The most memorable visit was after my appointment at the Liverpool World Museum. I had met up with friends who took me to Moorland Close (Fletcher Christian’s birthplace and childhood home), Cockermouth (the nearby village) and St Bridget’s Church (where the Christian family is buried and where they sought solace during their lives). This area forms part of The Lake District and a place I feel we all need to visit! I felt a real resonance with this beautiful area, which is much like the Gloucester district of NSW Australia.

So the Fellowship has taken me to the following cities: Wellington in New Zealand; Honolulu in Hawai’i; London, Kew, Cambridge, Oxford and Liverpool in England; Edinburgh and Aberdeen in Scotland; and finally Oslo in Norway. This has been one of the most empowering, lonely, inspiring and enriching experiences of my life and I know that this will benefit our culture and people.

I’d like to give thanks to the Churchill Trust, those who had a hand in my selection, to Lisa Richards and Rhonda Griffiths, to those of you who have sent me messages of encouragement, my wonderful family who let me go, and all the museum curators and friends met along the way. It’s been an amazing trip and I look forward to putting pen to paper to continue writing about the forgotten women of the Bounty.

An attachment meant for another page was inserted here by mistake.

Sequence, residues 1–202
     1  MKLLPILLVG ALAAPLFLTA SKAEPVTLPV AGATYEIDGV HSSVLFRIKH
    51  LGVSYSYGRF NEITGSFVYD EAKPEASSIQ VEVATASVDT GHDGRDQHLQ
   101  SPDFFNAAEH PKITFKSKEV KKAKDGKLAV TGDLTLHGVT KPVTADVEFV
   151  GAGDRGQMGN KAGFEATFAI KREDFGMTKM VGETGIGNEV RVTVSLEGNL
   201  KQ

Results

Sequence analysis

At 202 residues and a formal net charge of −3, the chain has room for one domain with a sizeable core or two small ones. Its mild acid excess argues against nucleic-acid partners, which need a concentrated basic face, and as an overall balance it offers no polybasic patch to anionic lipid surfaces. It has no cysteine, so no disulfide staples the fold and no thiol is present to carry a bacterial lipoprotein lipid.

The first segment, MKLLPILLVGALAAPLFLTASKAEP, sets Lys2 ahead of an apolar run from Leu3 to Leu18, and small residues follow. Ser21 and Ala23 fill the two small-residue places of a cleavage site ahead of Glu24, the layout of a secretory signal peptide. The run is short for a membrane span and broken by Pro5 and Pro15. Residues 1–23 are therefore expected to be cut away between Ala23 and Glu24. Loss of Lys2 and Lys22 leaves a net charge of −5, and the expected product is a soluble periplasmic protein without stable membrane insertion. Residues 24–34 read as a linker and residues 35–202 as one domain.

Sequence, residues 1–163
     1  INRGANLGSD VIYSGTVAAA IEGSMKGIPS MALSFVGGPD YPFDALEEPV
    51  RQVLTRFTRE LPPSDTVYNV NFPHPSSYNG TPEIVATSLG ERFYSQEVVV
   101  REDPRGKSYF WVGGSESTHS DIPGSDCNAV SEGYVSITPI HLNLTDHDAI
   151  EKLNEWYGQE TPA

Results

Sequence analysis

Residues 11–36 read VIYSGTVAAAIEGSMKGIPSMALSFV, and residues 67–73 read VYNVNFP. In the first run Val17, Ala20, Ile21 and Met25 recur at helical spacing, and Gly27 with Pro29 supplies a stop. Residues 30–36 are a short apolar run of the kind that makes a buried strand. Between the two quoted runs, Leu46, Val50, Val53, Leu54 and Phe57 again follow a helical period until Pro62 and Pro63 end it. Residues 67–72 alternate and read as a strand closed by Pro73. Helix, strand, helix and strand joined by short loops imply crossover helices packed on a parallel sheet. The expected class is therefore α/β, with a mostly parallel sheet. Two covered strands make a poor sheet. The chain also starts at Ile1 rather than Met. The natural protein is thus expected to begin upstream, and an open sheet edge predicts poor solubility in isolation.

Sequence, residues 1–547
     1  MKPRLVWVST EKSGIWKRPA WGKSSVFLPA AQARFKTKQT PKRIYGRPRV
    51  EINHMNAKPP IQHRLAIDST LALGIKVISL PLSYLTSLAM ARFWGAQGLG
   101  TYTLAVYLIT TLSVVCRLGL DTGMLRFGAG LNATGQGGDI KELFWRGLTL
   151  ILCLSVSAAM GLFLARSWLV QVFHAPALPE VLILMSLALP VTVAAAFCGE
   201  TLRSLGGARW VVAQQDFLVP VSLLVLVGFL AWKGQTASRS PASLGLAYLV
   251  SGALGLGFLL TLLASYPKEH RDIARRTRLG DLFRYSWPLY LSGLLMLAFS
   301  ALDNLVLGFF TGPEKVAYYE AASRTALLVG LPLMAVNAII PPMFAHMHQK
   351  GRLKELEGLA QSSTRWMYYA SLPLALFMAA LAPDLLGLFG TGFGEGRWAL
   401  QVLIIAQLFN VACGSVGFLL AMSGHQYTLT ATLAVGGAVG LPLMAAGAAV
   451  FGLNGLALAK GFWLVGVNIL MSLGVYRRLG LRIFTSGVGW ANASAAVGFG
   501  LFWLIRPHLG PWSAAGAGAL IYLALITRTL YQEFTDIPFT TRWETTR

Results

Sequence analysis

Pauline in the archives at the Royal Scottish Museum

Moorland Close Homestead


You may wonder why we called this blog 'Tattoo and Tapa'. Tihoti's passion is design using the ancient symbols used by his tupuna or ancestors. Mine is the same, but applied on a different surface.

The designs used by Tahitians in 'tatau' (tattoo) often crossed over into the designs used in 'ahu (tapa) decoration. Some of the deep symbolism used in tatau today in Tahiti is lost, although Tihoti feels that by using nature as our inspiration we can come to understand these designs again, and from there evolve those designs beyond our misunderstandings. But that understanding has to come from a Polynesian perspective.

I am fascinated by the designs and colours used in the ancient 'ahu - everything was symbolic. Much of this knowledge is forgotten today: but not entirely. For me it has become an exhilarating adventure of rediscovery.